The USMNT has missed the 2018 World Cup because of bad coaching decisions and players performing below their talent level. Previous coach Jurgen Klinsmann did not have the US on tract to qualify for the World Cup after home losses to Mexico and Costa Rica. The USMNT is an end product, not a development platform, and can not solve any of U.S. Soccer's larger problems.
Despite Christian Pulisic getting an early second half goal to cut the lead in half, this United States team was awful and totally undeserving of qualifying for the World Cup after the sorry excuse they called a game last night.
Twellman did not blame Arena specifically, instead emphasizing that all of U.S. Soccer is at fault. The U.S. national team players in MLS are marketed as the faces of the league, to sell tickets, as stars to promote the game in the United States.
Mexico, Costa Rica and Panama are the three teams from the Concacaf region that have qualified directly for the World Cup while Honduras finished off in fourth place on the standings and will play in a two legged playoff against Australia for a place in the World Cup next year. [T&T] played nearly the same team that played against Mexico on Friday, so there's no difference. While Kreis has more postseason success, he's six years younger than Vermes and may get his chance at the USMNT at a later date.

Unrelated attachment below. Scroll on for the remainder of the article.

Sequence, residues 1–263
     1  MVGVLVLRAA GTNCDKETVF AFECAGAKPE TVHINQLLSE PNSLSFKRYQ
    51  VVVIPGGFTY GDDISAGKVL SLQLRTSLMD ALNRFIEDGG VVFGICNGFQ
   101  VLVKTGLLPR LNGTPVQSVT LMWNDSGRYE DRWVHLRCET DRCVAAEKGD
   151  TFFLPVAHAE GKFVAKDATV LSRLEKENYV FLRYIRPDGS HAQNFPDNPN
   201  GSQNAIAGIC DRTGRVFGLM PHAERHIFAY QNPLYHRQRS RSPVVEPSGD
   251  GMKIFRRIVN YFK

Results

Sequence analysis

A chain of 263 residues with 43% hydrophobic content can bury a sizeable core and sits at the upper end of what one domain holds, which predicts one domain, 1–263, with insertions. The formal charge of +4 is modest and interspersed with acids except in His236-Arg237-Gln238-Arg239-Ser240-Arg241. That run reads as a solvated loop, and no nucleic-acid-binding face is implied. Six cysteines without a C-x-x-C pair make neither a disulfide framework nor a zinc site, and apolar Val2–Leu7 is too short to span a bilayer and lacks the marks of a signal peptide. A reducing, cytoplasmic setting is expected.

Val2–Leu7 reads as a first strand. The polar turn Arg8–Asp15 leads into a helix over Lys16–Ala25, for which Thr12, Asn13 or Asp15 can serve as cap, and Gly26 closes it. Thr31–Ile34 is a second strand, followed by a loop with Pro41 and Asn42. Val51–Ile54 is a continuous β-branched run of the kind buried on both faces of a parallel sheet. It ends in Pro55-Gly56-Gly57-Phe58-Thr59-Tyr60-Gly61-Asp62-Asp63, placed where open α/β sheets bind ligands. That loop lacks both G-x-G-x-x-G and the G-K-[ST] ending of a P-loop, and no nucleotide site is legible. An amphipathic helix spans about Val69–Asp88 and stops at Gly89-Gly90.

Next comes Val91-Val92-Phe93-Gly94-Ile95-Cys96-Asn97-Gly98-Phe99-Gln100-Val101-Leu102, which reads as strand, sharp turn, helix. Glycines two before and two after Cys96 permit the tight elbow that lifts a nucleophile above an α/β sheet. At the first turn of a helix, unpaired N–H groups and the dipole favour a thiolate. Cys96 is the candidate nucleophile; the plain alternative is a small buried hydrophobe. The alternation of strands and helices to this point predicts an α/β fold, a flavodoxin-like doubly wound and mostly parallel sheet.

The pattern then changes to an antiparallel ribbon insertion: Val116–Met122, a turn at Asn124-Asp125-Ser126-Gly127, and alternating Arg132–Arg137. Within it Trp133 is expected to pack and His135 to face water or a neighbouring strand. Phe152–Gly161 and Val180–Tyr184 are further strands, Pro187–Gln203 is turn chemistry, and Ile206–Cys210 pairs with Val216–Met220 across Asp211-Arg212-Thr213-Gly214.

Needing only a tie to stay in the running for a World Cup berth, a listless usa team scored an own goal, went down 2-0 by halftime, and never looked like a team fighting for its World Cup life. "You can say I could've played this guy, that guy, and then you'd come back the next day if we had lost and said, 'Why did you make those changes and play those guys?'"
As you might have heard by now since American soccer Twitter melted down on Tuesday night, that 1-in-27 scenario played out in nightmarish fashion. The Americans went 2-0-2 in the first four qualifiers under Arena, including a 1-1 draw at Mexico, but earned just one point from the two matches in September. US Soccer has eight licenses one must undergo if they want to be a top level manager. "Players play in clubs", Arena told the Post.
However, the veteran coach in his second stint with the U.S. National Team stopped short of offering any changes and even insisted that 'there's nothing wrong with what we're doing'. They support the clubs in this country, they support player development, but that's not their responsibility. 'We'll look at everything, obviously, and all our programs, both the national team and all the development stuff'.
For one thing, US Soccer has been bragging about this $100 million surplus they have obtained and while this isn't as sexy as a brand new headquarters in Los Angeles, I would spend a portion of the money on making it free to take coaching classes and obtain licenses and hire more scouts. All of that has to get better, but the infrastructure now for player development in the United States is set. As will both Iran and South Korea, assuming they still exist next year.
Gulati and Arena's comments are unlikely to satisfy their critics however, many of whom feel that former manager Klinsmann was treated harshly when he was sacked after two losses a year ago. But at the same time, "pay for play" is likely here to stay because it's so entrenched in our American system so how do we work around that and improve?